Complainant has provided copies of several emails forwarded from Respondent to Complainant which contain third-party Internet user requests for information regarding where to purchase Complainant’s products in or for countries other than Turkey. (Complaint, Annex 20.)
Respondent has acted as an authorized reseller of Complainant’s products (see infra). By email of March 29, 2005, Complainant notified Respondent that it had become aware of Respondent’s registration of the disputed domain names, and requested that it transfer those domain names to Complainant. Respondent acknowledged that Complainant had rights in the ROMANTIC trademark in the condom sector in Turkey, but said that other companies used that brand name in other sectors in the Turkish market. Respondent stated that it believed Complainant had voluntarily abandoned the domain name <romanticcondoms.com> because the registration had lapsed, that Complainant could have re-registered the name at small cost, and that Respondent registered the disputed domain names in good faith to publicize Complainant’s products. Respondent indicated that by purchasing the disputed domain names it had in effect protected Complainant from those who might have used them for bad purposes. Respondent added various elements of dissatisfaction regarding its business relationship with Complainant. After various interim exchanges, by email dated January 6, 2006, Complainant offered to continue supplying its products to Respondent on an exclusive basis for Turkey for one year, at a price lower than its current sales price, on condition that Respondent transfer the disputed domain names to Complainant within 14 days. Respondent by email dated January 9, 2006 counter offered, requesting a 10-year exclusive distributorship with minimum purchase commitments, and on that condition Respondent would transfer the disputed domain names. Respondent requested that “5% of the surface of the home pages must be open to us and you must give us a link to use the 5% of the surface of the home pages”. Complaint, Annex 6.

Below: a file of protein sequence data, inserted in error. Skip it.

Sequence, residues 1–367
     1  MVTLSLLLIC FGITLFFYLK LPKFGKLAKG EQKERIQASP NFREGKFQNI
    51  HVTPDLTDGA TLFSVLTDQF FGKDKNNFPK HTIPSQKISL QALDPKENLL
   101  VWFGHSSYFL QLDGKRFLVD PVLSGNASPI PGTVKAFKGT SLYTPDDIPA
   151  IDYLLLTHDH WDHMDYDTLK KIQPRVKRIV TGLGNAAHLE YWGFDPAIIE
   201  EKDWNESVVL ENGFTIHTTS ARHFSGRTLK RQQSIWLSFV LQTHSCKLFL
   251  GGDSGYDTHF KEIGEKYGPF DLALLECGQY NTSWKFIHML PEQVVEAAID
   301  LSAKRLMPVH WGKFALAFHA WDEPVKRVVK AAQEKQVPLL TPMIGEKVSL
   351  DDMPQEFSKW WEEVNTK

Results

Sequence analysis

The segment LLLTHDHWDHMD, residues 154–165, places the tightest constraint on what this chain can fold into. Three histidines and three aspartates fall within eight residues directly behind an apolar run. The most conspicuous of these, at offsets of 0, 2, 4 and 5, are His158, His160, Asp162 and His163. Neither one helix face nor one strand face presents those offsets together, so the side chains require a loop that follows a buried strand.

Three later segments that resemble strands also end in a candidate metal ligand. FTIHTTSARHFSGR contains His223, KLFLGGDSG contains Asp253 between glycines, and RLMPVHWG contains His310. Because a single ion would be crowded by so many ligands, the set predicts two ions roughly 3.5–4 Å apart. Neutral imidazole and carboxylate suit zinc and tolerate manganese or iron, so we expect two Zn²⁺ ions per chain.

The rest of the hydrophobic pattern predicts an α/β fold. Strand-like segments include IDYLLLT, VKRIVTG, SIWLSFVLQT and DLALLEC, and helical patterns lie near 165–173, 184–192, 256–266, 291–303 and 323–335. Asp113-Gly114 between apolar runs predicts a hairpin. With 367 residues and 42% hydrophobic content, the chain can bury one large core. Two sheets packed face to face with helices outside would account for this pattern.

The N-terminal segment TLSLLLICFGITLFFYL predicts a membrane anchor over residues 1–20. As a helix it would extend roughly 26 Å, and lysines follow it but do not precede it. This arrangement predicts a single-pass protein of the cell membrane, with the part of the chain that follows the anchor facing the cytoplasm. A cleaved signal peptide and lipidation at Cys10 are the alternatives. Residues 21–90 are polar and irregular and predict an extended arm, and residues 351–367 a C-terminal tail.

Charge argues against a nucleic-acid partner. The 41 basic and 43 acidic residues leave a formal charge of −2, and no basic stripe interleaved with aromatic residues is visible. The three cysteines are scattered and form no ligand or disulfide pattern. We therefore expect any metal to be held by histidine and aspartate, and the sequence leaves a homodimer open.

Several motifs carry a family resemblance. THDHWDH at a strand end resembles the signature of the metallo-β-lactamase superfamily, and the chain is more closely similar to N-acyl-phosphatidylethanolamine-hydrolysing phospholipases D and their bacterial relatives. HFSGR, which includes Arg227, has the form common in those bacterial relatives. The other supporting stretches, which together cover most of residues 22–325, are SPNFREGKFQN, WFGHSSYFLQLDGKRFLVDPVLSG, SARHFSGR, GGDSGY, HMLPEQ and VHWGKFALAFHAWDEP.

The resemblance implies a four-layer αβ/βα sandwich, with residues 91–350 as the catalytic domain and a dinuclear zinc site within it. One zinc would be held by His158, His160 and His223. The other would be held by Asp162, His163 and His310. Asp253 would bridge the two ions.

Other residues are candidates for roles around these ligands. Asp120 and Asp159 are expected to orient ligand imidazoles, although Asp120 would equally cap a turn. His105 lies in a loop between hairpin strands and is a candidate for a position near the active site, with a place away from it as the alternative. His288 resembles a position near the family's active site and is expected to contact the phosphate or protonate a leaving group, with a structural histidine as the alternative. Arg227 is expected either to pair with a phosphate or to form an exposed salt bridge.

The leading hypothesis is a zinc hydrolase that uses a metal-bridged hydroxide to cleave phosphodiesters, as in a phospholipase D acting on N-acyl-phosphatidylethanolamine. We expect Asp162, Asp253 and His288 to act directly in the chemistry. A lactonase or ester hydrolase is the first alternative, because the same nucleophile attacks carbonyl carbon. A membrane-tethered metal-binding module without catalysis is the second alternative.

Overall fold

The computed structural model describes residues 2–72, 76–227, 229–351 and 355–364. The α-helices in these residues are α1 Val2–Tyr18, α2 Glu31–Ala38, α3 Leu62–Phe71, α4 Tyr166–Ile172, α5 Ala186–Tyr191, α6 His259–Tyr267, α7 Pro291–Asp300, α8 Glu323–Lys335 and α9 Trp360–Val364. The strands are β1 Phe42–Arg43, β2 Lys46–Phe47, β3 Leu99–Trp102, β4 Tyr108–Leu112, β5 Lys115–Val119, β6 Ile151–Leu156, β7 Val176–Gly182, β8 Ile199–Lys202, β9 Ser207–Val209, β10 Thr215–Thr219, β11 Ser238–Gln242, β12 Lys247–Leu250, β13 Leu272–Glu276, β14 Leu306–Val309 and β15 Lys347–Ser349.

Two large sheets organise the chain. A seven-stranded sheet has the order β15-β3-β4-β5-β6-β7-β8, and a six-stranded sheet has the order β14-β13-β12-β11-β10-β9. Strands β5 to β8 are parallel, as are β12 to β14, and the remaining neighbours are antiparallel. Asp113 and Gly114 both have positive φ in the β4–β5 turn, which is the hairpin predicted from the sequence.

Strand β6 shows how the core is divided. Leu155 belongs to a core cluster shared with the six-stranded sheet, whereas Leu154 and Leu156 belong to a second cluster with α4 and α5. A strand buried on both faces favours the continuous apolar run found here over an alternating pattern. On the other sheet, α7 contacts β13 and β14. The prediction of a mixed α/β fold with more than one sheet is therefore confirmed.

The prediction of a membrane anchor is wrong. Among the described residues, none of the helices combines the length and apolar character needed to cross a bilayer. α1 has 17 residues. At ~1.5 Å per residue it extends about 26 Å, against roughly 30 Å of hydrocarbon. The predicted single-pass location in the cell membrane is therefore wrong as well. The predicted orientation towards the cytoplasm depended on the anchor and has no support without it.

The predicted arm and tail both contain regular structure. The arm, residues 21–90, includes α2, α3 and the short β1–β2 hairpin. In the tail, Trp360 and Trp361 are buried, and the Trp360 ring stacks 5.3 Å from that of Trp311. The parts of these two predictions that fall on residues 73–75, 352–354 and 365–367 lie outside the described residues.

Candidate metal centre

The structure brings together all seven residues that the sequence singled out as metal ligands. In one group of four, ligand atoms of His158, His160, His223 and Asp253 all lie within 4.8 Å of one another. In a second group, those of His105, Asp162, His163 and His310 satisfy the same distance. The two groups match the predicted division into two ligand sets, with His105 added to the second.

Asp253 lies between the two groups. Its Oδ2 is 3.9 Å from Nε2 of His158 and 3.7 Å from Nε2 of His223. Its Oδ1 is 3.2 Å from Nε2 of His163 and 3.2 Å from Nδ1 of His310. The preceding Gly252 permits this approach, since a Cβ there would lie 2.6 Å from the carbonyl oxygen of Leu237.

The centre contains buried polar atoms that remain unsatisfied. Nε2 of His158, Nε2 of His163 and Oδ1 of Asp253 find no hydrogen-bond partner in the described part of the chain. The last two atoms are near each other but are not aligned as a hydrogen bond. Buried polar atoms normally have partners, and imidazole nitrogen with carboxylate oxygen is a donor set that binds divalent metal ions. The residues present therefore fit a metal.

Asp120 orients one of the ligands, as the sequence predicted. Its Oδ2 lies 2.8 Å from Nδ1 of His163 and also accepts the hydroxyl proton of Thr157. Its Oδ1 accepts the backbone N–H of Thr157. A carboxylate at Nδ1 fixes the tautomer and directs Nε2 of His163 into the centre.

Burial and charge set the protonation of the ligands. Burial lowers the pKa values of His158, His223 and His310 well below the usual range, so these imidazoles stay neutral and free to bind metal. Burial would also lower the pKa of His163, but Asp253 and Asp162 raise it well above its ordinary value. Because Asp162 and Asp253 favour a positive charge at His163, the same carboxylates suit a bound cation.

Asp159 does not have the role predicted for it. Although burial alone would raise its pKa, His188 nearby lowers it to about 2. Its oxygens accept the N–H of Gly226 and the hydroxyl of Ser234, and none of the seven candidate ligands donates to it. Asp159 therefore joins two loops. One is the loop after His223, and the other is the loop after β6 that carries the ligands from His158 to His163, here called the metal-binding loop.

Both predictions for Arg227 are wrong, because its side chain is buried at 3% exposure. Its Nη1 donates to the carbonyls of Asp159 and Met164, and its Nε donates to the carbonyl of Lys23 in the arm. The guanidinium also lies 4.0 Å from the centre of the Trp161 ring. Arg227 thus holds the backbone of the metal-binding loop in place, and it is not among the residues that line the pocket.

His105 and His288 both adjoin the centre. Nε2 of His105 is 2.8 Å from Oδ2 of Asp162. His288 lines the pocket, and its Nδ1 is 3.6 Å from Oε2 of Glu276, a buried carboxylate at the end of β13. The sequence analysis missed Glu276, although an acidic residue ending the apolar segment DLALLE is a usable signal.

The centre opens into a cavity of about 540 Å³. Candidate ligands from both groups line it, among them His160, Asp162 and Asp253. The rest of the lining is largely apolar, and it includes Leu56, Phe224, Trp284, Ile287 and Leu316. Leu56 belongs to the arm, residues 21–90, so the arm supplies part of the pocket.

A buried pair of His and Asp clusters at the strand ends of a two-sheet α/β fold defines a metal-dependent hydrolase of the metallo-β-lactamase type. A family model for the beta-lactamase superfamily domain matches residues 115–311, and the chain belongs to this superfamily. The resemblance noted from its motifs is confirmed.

Complainant and Respondent met together in April 2006. At that meeting the parties discussed the terms and conditions of a proposed contract, as well as transfer at least of the disputed domain name <romanticcondoms.com>. Minutes of the meeting prepared by Complainant indicate that the parties failed to reach agreement on the terms of a long-term contract, and likewise on Respondent’s transfer of the disputed domain name. (Complaint, Annex 7.)